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5 basic troubleshooting steps to fix Windows 10 problems

A PC can run into all sorts of problems and they may have a specific cause, or a general one. You will likely have to Google the symptoms to find out what’s wrong but there are a few things you should always, always try before anything else. These are basic troubleshooting steps to fix Windows 10 problems that will, in many cases, resolve most problems.

Restart system

Whatever is ailing your system might be fixed by restarting it. Many a times people have posted on help forums with a very specific problem and have had various solutions suggested to them by others only to end up fixing everything with a system restart. Never underestimate this step and always try it first.

Run troubleshooter

Things break and on Windows 10, they tend to break often. There are certain components on the OS that tend to create more trouble than others which is why there’s a troubleshooting app built-in on Windows 10. You can run it for whatever type of problem you’re having.

Open the Settings app and go to the Update & Security group of settings. Select the Troubleshoot tab and scroll down to the items that you can run the troubleshooter for. Pick whatever type of problem you’re having and apply any fixes that the troubleshooter finds.

Edit start up items

A startup item can often be the cause of a problem. It may not appear immediately i.e., you may only experience the problem a few minutes after you’ve booted to your desktop. This is because Windows 10 doesn’t start everything up at once. It does so sequentially so that the system isn’t immediately overburdened with all the processes, system or otherwise, that need to start.

It’s possible that one of your startup items is causing problems. To fix this, you should disable all startup items and reboot your system. If the problem fixes itself, it’s likely being caused by an item that runs at start up. Slowly enable the items again, one at a time until the problem resurfaces.

To enable and disable startup items, open the Task Manager and go to the Startup tab, select an item, and click the Disable/Enable button at the bottom right.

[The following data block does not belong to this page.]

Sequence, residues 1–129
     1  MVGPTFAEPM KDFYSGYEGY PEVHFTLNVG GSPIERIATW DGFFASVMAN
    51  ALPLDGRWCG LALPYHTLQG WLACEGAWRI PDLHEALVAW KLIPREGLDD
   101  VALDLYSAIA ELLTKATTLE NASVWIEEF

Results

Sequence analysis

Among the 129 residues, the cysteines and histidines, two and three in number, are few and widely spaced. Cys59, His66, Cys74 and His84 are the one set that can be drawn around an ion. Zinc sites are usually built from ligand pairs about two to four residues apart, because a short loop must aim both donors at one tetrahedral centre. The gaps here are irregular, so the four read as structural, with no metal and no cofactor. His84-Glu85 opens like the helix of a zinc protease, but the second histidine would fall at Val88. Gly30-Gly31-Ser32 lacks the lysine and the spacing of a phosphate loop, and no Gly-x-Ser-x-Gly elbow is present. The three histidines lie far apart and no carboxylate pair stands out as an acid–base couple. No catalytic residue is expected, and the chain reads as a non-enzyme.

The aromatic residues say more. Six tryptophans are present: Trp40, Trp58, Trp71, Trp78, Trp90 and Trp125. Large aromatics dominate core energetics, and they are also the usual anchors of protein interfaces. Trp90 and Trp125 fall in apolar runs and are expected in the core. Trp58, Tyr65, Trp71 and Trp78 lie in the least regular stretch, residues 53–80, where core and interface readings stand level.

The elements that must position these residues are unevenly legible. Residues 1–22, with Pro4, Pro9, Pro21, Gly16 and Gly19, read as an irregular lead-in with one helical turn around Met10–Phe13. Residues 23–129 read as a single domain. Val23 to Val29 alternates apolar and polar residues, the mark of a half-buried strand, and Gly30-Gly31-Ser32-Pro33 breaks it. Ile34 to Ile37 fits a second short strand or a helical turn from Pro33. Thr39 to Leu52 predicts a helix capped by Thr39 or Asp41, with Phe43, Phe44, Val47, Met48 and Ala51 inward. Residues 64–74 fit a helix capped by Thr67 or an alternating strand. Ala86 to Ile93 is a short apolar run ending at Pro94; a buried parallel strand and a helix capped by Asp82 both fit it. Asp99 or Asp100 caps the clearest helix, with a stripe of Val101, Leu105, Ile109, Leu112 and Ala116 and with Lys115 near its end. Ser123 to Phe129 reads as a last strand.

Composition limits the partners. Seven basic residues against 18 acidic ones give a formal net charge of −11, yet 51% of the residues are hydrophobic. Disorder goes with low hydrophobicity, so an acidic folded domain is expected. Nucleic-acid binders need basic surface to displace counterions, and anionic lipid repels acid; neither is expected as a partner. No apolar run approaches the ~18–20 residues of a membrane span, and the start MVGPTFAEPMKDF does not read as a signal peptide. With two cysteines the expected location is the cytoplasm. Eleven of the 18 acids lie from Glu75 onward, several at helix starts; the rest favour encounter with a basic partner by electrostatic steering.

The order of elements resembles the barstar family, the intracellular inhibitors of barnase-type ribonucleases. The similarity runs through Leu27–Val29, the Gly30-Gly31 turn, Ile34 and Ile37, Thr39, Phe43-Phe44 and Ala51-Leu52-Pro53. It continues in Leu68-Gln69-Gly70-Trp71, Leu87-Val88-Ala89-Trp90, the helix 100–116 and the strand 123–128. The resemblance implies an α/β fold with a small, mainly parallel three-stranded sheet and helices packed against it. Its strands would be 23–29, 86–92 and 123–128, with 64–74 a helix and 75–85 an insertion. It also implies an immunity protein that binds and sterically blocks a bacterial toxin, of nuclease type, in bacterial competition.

Disconnect hardware

Hardware can cause trouble on any system and often, there aren’t many indications as to when hardware is failing. You should definitely run a health check on your SSD, but if you have any external hardware attached to your system that you can work without, remove it and check if the problem goes away. Often, external drives can cause problems especially if they have errors that need to be fixed.

Check/Update drivers

Windows 10 likes to update drivers. The latest version of the OS gives users more control over how the updates are installed but that doesn’t mean you’ll never be force-updated to a new driver.

It is always worth checking if there’s a driver update available for the main components on your system; Network drivers, GPU or graphics drivers, Bluetooth drivers, audio drivers, and even a BIOS update.

If you’ve recently received a driver update, it may be the cause behind your problems. Roll it back if you can, or look online for the previous version. You can check for driver  updates from the Device Manager. Search for Device Manager. Expand the various groups of devices. Right-click a device, and select the Update Driver option.

Bonus item: Run sfc scan

Running a system file scan is often considered a basic troubleshooting step. It’s easy to run the scan but reading the log isn’t as easy which is why we can’t put it under basic things to try. That said, if the above five steps don’t fix the problem, this should be your go-to solution.

Open Command Prompt with admin rights, and enter the following. When the command is finished, it will output a log file that will show you errors it may have found with your file system. Go through the log, and try and resolve as many of them as you can. The command itself will also try and fix the problems that it can fix.

sfc /scannow

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